Wastewater Lift Stations

By Keith Hegney, Wastewater Technical Advisor – West  |  (North Dakota Water magazine, December 2022 issue)

 A wastewater lift station is a critical piece of infrastructure included as part of your sanitary collection system. While most wastewater generated by households and businesses are collected and moved through a gravity sanitary pipe, lift station collect the wastewater at a low point in the collection system and pumps to the next gravity line or to a treatment facility. In most cases a wastewater lift station includes a wet well to temporarily store wastewater, two or more pumps, float controls, piping, a valve vault, a control panel, radio communication devices and a backup generator. The lift station pumps wastewater through a pressurized pipe, known as a forcemain that transfers the wastewater to an ultimate discharge point or a higher elevation.

Regular Maintenance.  Most municipalities have a sewer department that is responsible for regular maintenance of the wastewater collection system. Lift station require regular attention by your municipality’s maintenance department to ensure that all components are in proper order. These can include:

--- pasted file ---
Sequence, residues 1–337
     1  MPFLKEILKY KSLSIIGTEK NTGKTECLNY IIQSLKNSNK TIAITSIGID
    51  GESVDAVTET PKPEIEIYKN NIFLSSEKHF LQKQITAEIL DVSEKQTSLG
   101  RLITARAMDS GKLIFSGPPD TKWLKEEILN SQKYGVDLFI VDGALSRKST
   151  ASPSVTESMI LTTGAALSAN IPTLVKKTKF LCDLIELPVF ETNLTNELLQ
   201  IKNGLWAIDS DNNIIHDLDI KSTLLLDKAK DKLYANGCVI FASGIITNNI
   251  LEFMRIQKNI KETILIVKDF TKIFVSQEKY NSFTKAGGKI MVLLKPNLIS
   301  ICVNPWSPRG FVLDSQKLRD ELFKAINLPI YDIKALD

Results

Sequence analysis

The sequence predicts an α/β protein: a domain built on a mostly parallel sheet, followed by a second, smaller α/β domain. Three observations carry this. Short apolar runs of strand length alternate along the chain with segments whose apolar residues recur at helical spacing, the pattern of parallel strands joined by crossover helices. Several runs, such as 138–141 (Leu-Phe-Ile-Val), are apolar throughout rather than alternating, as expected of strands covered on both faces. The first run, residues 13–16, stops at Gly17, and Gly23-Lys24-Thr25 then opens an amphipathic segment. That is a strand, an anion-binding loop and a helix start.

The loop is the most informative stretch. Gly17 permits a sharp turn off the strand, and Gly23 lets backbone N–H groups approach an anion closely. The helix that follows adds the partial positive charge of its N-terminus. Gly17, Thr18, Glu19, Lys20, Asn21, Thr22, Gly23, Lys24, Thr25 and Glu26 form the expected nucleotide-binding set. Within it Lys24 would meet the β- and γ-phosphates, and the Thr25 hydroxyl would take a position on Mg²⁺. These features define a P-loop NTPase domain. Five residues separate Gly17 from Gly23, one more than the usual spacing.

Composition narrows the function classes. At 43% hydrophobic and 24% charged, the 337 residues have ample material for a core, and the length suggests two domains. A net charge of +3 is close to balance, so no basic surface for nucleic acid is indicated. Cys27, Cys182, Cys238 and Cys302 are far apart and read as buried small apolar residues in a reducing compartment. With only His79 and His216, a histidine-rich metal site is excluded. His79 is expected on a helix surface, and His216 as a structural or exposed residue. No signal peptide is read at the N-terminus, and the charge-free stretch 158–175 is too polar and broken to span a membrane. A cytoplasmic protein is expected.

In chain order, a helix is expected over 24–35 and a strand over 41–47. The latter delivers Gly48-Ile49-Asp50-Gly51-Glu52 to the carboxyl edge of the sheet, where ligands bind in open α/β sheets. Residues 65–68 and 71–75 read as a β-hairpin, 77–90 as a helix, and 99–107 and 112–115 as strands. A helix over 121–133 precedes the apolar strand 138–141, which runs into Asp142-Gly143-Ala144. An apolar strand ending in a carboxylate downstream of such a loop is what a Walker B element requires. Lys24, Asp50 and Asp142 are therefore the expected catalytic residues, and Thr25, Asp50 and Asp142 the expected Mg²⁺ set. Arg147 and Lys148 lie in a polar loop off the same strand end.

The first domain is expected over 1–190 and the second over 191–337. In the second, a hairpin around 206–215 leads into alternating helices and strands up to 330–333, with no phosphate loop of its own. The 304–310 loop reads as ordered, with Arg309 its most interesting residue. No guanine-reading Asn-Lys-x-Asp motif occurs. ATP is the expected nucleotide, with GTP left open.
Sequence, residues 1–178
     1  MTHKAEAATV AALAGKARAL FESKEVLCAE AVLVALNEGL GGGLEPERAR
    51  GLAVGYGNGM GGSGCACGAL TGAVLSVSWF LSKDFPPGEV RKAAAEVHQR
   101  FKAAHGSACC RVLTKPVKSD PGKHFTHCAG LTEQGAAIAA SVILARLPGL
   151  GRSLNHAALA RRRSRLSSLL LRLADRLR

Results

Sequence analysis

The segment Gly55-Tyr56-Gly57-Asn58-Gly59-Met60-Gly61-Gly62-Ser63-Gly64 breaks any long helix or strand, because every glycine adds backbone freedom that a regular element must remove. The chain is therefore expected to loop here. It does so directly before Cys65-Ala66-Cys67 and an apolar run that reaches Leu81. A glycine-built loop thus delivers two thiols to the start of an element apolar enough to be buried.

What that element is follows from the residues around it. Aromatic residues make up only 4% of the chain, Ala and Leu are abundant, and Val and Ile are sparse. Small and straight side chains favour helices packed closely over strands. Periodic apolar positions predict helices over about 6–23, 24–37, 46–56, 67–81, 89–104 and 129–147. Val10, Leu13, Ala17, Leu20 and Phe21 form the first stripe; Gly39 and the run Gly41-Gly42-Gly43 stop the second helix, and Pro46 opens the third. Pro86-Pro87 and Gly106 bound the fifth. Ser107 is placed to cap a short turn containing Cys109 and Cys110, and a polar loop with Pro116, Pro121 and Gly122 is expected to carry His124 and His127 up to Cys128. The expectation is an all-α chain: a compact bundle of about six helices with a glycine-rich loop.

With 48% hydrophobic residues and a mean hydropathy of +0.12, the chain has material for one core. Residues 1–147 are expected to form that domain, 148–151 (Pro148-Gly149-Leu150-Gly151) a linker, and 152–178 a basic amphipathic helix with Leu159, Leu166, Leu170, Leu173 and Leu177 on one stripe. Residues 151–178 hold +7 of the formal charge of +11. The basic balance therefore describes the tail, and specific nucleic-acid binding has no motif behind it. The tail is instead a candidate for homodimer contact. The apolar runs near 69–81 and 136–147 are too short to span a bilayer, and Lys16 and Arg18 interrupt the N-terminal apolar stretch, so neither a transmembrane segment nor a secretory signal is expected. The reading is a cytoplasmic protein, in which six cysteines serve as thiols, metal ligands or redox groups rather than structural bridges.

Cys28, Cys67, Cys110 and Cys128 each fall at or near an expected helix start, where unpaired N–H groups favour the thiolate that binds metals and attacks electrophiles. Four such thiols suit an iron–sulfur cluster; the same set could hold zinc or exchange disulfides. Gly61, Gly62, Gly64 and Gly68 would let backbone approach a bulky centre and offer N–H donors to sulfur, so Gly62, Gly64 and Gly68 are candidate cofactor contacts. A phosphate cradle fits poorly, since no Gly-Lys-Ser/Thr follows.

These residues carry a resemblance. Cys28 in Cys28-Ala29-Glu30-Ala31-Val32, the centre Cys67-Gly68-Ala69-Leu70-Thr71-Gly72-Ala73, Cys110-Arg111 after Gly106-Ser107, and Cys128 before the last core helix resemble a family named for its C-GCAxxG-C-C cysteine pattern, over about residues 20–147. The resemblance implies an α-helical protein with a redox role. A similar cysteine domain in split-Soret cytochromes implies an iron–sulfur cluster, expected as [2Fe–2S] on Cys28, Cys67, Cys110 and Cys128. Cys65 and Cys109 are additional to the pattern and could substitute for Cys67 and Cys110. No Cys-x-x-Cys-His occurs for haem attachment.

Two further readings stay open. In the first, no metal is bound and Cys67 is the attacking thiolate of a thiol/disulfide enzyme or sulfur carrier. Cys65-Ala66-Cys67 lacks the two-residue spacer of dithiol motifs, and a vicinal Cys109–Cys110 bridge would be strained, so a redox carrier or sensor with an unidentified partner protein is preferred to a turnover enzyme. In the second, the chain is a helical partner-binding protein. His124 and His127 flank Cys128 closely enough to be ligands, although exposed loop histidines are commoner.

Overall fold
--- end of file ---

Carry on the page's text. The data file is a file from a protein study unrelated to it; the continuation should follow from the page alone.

• Daily or weekly checks for obstructions or build-up of material that may clog the pumps;
  • Regular wet well cleaning to reduce grease buildup;
  • Exercising of valves (gate valves and check valves;
  • Annual flushing or jetting;
  • Jetting lines for cleaning and televising all collection system pips on a 3-5 year cycle
In the event of a lift station failure, by either a forcemain break, power outage or pump failure, wastewater will collect in the lift station wet well and back up into the collection system. This could result in sewer backups into homes or cause wastewater to overflow from the lift station to the surround environment. Wastewater lift stations are also susceptible to clogs from fats, oils and grease (FOG) generated by restaurants and businesses, as well as “flushable” rags from households and multi-unit residential buildings. Wastewater lift stations can be a source of bad odors that become a nuisance to neighboring properties. The smelly hydrogen sulfide (H2S) gas from the collected sewage is also highly corrosive and can damage the wet well structure, the piping and pumps over time. H2S gases can also be reduced by vent filters.

(Mandan’s Engineering Department believes that while these concerns are true, there are a lot of fail-safes in place to prevent disaster. Regular maintenance and rehabilitation of the system proves to be very important.)

Lift Station Repair of Costs. Depends on the size, condition and maintenance history of your wastewater collection system.